The boyhood home of Johnny Cash; the honky tonk bars in the region’s one wet county where Elvis, Buddy Holly, Jerry Lee Lewis, Carl Perkins, Louis Armstrong, and others honed their practice; the oral history that lives on in its sole keeper, Sonny Burgess, a locally revered contemporary of the Sun Records crew who just couldn’t catch a commercial break—it’s all there.
"There’s an arc to the musical history of Arkansas,” he adds. “It started out in the hills and kind of trickled on down, or came over from Memphis, and built into a frenzy—this kind of frenetic rockabilly rock & roll—and that wave passed through. The musical tide. It was kind of unpredictable and wild. But it’s gone now. You’re left with these little pockets of the memories, all these shells scattered across the sand, a few creatures that are still kicking around on the shore. But nowadays, the music that they're playing is a little quieter, a little slower, a little more relaxed. But the evidence of that big wave is always there.”
Widmer’s pursuit takes him one hundred miles north of the state’s capital at Little Rock to the annual Arkansas Folk Festival in Mountain View. Under a flowery canopy of blooming dogwood trees, cultural demonstrations of frontier life unfold to the soundtrack of live folk, mountain, and bluegrass serenades that celebrate the area’s musical heritage. When the festival was founded nearly half a century ago to stimulate Mountain View’s depressed economy, the musical director—Jimmy Driftwood, a Grammy award–winning recording artist who frequented the Grand Ole Opry stage—made a deliberate choice to forego top-billing artists in favor of local acts playing regionally significant music.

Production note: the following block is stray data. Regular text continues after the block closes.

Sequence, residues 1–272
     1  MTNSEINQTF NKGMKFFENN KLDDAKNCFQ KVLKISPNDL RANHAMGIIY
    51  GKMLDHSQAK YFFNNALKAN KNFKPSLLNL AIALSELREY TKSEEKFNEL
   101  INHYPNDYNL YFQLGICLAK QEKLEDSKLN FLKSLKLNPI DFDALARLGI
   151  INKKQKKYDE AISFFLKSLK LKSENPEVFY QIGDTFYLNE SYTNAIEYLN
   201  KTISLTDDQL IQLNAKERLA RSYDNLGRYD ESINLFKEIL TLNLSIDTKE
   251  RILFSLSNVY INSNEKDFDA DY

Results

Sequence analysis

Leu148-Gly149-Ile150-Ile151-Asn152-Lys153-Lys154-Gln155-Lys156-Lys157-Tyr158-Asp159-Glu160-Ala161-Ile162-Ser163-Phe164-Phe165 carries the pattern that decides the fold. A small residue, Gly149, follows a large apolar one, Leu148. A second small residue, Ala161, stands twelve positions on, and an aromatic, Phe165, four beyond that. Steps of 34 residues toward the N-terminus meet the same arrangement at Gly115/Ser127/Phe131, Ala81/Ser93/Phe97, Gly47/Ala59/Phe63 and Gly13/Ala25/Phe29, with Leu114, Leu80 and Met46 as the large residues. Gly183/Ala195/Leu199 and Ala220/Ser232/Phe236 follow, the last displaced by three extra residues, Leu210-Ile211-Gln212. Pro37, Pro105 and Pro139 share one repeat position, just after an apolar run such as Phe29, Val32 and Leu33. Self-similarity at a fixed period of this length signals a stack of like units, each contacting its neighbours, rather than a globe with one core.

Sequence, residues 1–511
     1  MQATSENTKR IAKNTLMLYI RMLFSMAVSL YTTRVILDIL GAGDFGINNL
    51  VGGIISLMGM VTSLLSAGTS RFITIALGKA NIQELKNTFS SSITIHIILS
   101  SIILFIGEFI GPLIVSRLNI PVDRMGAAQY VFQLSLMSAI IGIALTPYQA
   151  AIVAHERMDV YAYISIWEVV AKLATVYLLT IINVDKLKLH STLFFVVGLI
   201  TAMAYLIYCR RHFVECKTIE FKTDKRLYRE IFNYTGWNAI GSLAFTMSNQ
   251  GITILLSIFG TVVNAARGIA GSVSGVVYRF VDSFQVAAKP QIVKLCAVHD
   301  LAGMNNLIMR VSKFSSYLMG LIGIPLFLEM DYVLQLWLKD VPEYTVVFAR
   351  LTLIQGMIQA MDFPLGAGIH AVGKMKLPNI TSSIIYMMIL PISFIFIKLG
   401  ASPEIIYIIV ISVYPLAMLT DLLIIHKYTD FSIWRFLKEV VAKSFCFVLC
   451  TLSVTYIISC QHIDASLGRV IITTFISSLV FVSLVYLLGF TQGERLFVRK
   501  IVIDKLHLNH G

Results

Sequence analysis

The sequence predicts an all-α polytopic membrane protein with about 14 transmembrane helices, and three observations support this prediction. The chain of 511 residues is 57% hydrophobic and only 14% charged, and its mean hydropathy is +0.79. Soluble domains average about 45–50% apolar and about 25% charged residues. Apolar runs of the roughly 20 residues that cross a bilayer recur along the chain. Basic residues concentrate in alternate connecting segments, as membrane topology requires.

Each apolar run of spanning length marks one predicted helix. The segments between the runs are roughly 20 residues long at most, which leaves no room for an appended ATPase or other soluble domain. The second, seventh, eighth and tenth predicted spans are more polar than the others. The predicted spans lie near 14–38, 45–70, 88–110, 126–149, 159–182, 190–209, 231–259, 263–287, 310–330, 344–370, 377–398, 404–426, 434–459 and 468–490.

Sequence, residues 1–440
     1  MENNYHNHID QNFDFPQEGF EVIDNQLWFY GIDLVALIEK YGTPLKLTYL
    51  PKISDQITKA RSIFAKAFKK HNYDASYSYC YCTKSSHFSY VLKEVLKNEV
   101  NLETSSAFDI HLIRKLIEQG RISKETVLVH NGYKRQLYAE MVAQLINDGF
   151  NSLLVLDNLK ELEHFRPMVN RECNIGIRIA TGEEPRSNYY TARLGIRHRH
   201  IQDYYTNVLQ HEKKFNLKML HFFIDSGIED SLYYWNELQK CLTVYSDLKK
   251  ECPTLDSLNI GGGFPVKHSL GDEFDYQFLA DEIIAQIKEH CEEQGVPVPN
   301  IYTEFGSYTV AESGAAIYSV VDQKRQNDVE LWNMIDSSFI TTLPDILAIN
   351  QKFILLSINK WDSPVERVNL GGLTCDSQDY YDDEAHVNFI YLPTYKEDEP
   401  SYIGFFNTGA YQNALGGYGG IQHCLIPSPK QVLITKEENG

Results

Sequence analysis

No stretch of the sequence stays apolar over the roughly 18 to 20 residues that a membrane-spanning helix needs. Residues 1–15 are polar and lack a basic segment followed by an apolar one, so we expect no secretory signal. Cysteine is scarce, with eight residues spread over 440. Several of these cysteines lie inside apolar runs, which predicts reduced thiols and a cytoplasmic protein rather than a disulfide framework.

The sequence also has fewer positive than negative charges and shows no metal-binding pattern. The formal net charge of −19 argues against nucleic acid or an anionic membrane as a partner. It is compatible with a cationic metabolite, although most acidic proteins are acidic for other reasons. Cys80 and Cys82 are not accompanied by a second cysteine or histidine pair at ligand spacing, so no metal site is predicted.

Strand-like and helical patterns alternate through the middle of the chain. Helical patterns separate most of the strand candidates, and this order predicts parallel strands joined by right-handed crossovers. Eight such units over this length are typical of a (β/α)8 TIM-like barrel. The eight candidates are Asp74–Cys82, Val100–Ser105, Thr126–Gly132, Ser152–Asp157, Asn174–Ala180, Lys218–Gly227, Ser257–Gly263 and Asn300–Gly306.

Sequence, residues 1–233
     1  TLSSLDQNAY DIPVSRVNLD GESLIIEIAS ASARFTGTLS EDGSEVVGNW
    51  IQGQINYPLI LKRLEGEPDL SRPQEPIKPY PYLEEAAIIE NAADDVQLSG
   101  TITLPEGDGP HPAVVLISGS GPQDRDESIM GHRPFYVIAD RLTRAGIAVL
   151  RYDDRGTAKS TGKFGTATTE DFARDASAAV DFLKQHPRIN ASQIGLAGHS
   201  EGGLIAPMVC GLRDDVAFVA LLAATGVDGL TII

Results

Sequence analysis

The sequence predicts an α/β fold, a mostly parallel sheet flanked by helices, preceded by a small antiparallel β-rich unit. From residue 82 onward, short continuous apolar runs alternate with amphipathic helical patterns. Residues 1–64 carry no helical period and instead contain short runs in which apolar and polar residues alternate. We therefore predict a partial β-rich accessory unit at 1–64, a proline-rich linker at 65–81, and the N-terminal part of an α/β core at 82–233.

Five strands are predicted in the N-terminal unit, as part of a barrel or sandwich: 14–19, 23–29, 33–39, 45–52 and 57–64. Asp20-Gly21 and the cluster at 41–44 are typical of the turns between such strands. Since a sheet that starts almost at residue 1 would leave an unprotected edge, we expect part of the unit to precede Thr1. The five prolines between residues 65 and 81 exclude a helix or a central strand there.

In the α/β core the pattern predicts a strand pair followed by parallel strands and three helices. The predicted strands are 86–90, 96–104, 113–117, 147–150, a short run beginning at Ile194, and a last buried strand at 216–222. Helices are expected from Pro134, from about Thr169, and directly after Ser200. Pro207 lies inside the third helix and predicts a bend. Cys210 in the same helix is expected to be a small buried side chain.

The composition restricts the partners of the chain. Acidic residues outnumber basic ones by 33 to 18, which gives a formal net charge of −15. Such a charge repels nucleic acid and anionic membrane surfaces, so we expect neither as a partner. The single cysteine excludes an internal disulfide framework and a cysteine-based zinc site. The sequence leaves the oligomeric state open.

It’s a choice that lives on today, not only at the festival but also just a few miles north at the Jimmy Driftwood Music Barn and Folk Hall of Fame, built by Driftwood and his friends in 1982, and where, by some accounts, he could still be heard playing tunes into his 90s.
“The show that I saw there could have been picked right up out of the 1930s or 1940s and plopped right down in 2017,” says Widmer of the modestly constructed barn that sits up against a gravel lot on the edge of town. The songs were upbeat and lighthearted, almost campy. “I met one younger girl there who I think was like 12,” Widmer continues. “And she's playing the fiddle with these old timers. The torch was being passed right in front of my eyes. She was the next generation tasked with keeping this musical heritage alive.”
It’s a heritage that runs deep into that red earth, with a long history whose peak in the mid-twentieth century gave birth to rock & roll. A lot of it happened just 75 miles west of Mountain View in Jackson County, along what’s now called Rock & Roll Highway 67. But the stationary artifacts that played a role in that history—the clubs, the honky tonks—most of them burned long ago, leaving little more than a foundation here, some tile there, fragments of where raucous crowds once gathered.